4. The slow movement of Concerto for ;Violin in A Minor, Op. 3 No. 6; is unusual: the accompaniment is limited to upper strings.

ritornello form

standard form for fast 18th Century concertos featuring a ritornello with full orchestra that alternates with episodes of solo material


Vivaldi frequently used this form of concerto

Fran;ois Couperin [2]

(1668 – 1733)


1.) Oraganist to the King of France and at the Church of Saint Gervais in Paris, taught harpsichord to members of the aristocracy.


2.) Famous for successfully combining French and Italian styles.

Jean-Philippe Rameau [4]

(1683 – 1764)

  1. Rameau began his musical career as an organist in the provinces of France.
  2. By age forty, he was recognized as a theorist.
  3. He achieved fame as a composer in his fifties.
  4. His music was initially criticized for being radical, but later it was thought to be reactionary.

Bach cities [5]

1.) Arnstadt (1703)- worked as a church organist


2.) M;hlhausen (1707)- worked as a church organist, tutored private students


3.) Weimar (1708)- hired by the Duke of Weimar first as organist, later as concertmaster


4.) C;then (1717)- hired by Prince Leopold of Anhalt in C;then to be Kapellmeister (music director) in his musical court


5.) Leipzig (1723)- hired to be cantor of the Saint Thomas School and civic music director

Johann Sebastian Bach
collegium musicum

an association of amateurs who gathered to sing and play together for their own pleasure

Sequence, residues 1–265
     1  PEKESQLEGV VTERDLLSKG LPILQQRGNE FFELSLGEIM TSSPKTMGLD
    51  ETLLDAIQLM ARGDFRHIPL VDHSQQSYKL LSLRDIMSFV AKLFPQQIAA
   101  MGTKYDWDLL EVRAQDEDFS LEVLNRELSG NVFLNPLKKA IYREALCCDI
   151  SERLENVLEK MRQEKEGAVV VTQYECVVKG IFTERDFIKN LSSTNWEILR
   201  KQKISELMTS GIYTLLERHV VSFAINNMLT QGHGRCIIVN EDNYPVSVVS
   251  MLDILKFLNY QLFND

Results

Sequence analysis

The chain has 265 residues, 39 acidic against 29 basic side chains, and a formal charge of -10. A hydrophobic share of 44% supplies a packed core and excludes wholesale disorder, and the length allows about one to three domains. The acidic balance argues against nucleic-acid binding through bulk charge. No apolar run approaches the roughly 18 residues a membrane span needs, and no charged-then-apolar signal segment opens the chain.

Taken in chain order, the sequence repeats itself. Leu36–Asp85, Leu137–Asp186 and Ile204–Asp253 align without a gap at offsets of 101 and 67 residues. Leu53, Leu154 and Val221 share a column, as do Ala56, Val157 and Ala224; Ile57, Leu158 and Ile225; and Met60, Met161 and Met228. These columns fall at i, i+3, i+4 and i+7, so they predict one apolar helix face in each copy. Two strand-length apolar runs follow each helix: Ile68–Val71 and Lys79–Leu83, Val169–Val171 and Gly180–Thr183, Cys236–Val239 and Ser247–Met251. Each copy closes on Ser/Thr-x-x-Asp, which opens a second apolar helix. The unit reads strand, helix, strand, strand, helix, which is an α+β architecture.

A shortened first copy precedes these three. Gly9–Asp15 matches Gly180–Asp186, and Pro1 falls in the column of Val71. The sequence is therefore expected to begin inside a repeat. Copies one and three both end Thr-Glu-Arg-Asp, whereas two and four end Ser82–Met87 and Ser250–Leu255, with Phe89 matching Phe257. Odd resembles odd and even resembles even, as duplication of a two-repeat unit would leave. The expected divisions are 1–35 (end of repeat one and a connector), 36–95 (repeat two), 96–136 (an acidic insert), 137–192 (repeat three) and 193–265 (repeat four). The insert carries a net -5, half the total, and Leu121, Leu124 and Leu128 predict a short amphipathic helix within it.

Bach led a collegium musicum in Leipzig in the early 1730s, which is where he wrote many of his concertos

recitative secco

style of recitative scored for voice and basso continuo, used for setting dialogue or monologue in as speechlike a fashion as possible, without dramatization


Handle used this in his recitatives

recitative accompagnato

recitative that uses orchestral accompaniment to dramatize the text


Handle used this in his recitatives



prima donna

a soprano singing the leading role in an opera


divas often were paid more than the composer or conductor, and were hired to bring in a crowd

18th Century cantata [4]

1.) orchestra

2.) chorus

3.) soloist

4.) based on chorales

18th Century musical style that featured songlike melodies, short phrases, frequent cadences, and light accompaniment
Italian vs. French music in Paris

  1. The latest Italian music was performed in Paris.
  2. Some French composers sought to blend Italian and French styles.

Couperin’s ordres [3]

  1. The orders, or suites, were published between 1713 and 1730.
  2. Each ordre contains a number of miniature works, generally based on dance rhythms and set in a binary form.